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By Emma Reynolds | June 8 2020
Samara Private Game Reserve is the first and only “Big Five” safari destination in South Africa’s Karoo heartland. Located in an area that has been largely altered by the presence of humans, the mother-daughter duo behind Samara, Sarah and Isabelle Tompkins founded the luxury lodge with the sole aim of rewilding the Great Karoo.
By using every tourist dollar spent directly on its conservation objectives, Samara has successfully reintroduced a multitude of locally extinct species to the Karoo – including cheetah, elephant, black rhino, lion – in addition to seeing other species return on their own accord. That has not only created a better natural environment but also given new career opportunities to local underprivileged populations.
Now faced with the challenge of a global lockdown, co-owners Sarah and Isabelle have had to adapt to the times. Isabelle speaks to Elite Traveler about what sets Samara Private Game Reserve apart, and what the future looks like for the lodge.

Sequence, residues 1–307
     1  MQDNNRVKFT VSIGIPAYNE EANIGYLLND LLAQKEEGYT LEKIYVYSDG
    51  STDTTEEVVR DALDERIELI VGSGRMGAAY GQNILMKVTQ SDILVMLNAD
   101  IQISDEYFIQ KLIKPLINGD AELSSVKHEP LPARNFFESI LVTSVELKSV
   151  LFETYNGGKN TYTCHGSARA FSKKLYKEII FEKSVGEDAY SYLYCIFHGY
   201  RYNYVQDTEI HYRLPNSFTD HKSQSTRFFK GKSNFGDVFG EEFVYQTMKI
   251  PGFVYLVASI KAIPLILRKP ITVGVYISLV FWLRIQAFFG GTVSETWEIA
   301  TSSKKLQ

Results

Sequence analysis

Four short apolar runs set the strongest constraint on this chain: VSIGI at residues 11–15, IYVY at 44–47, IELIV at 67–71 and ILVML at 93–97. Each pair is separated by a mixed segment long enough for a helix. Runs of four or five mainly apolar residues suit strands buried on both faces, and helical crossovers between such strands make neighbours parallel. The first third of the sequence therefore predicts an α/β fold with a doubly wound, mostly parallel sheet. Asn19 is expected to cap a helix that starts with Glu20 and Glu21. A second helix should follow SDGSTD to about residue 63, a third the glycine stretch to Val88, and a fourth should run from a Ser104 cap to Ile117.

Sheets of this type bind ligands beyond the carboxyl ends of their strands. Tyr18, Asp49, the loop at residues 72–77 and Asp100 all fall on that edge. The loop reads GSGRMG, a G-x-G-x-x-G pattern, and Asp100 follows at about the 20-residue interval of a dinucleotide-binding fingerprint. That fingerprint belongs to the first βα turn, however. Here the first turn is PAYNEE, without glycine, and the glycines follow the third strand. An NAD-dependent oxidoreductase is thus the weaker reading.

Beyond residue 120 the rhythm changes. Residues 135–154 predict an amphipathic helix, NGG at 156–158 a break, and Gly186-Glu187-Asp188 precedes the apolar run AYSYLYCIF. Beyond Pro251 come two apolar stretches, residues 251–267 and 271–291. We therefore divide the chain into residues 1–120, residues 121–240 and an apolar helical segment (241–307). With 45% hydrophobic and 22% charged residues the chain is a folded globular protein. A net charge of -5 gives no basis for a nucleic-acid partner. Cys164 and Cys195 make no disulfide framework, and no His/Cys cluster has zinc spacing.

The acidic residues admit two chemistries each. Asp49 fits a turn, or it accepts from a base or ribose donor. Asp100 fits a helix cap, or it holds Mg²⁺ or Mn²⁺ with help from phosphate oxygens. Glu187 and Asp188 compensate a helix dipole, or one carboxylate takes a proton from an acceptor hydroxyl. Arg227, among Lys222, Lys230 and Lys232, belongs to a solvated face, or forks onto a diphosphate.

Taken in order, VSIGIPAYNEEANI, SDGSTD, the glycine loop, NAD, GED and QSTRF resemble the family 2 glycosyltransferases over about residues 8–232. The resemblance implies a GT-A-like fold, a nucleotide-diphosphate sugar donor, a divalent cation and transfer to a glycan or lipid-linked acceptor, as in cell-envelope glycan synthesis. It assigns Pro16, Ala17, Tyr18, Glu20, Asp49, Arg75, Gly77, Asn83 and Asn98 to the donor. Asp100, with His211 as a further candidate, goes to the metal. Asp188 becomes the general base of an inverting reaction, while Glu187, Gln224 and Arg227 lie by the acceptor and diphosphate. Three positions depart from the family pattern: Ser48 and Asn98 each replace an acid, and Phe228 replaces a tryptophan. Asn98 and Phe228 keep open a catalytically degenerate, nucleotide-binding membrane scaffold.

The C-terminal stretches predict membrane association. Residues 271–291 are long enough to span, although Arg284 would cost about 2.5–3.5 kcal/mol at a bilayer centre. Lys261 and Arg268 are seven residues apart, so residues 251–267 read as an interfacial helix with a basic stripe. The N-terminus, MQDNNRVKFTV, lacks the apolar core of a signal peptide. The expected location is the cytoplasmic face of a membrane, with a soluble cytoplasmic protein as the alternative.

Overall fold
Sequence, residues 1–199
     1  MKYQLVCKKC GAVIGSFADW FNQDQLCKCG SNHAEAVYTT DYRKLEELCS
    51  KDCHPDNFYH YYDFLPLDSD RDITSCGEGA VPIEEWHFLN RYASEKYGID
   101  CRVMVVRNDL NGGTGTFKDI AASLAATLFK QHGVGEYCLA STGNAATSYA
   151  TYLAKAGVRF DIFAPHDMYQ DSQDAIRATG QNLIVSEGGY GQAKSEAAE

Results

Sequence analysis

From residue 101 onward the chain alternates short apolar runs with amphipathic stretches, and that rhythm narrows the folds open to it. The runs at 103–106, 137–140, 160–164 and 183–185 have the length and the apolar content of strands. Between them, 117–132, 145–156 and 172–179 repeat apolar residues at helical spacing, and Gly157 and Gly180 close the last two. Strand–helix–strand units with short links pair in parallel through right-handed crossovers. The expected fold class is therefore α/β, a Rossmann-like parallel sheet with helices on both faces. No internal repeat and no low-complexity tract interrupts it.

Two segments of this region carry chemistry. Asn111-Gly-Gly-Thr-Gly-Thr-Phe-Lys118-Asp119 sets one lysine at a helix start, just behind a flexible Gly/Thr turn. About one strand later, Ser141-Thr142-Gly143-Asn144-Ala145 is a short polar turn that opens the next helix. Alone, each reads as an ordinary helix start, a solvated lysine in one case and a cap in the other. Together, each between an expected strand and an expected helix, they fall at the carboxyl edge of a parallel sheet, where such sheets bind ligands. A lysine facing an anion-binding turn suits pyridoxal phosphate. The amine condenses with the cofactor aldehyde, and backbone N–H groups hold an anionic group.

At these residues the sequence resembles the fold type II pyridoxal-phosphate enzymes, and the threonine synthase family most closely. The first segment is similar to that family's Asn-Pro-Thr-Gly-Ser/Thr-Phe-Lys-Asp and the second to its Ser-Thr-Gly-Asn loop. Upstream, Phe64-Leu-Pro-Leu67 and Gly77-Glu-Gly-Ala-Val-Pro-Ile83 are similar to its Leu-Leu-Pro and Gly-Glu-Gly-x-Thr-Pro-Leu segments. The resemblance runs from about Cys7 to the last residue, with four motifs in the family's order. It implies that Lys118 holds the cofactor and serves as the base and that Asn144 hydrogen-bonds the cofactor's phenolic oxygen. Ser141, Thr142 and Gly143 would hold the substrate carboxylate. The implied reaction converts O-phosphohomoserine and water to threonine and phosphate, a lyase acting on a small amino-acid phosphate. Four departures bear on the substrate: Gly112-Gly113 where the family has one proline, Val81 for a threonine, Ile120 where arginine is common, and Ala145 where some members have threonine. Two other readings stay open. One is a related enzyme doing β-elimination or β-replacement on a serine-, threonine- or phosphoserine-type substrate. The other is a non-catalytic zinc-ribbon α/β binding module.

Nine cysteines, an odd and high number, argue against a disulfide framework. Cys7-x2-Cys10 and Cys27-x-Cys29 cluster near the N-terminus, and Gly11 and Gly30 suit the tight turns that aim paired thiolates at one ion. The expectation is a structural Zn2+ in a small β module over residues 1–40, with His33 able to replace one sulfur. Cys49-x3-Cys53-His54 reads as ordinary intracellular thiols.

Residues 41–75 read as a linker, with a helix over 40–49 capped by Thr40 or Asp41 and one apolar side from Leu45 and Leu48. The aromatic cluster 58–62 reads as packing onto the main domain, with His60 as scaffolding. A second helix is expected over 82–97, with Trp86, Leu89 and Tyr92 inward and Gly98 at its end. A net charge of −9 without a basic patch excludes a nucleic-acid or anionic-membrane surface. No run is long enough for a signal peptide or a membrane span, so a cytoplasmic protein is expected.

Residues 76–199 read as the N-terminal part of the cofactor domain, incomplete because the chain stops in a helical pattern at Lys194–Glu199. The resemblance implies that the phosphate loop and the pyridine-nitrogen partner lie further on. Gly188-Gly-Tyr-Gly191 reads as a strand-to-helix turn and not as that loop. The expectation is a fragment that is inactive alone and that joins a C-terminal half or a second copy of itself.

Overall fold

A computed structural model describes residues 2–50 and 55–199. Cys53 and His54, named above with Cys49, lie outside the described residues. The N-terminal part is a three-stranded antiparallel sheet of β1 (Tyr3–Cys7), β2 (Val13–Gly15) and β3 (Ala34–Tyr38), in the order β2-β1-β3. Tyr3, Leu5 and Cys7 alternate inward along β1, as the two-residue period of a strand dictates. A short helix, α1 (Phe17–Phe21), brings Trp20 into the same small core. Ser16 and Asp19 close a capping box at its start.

What sets Samara apart from other South African lodges?
Samara is not just a unique safari destination in a singularly beautiful setting – it is a pioneering rewilding journey. Started in 1997 by a family with vision, today Samara encompasses 67,000 acres of born-again wilderness in South Africa’s magical heartland, the Great Karoo.
Samara’s story is one of restoration. Eleven former livestock and hunting farms have been painstakingly rehabilitated. Thousands of animals have been reintroduced, including the first cheetah, elephant and lion to return in over a century. The dream is to restore a mesmerizing landscape of extraordinary diversity to its former glory, reaching beyond Samara’s boundaries to create the country’s 3rd largest protected area of three-million acres.
A key component to Samara’s vision is the concept of co-creation, where every guest plays a role in preserving the landscape for posterity, simply by choosing to visit us.
As people are unable to travel, how have you been engaging your guests and future guests and allowing them to access the natural beauty of the Karoo from their homes?
We have continued to keep our followers up to date on the goings-on at Samara through social media and our blog, including conservation news, wanderlust inspiration and messages of support in these trying times.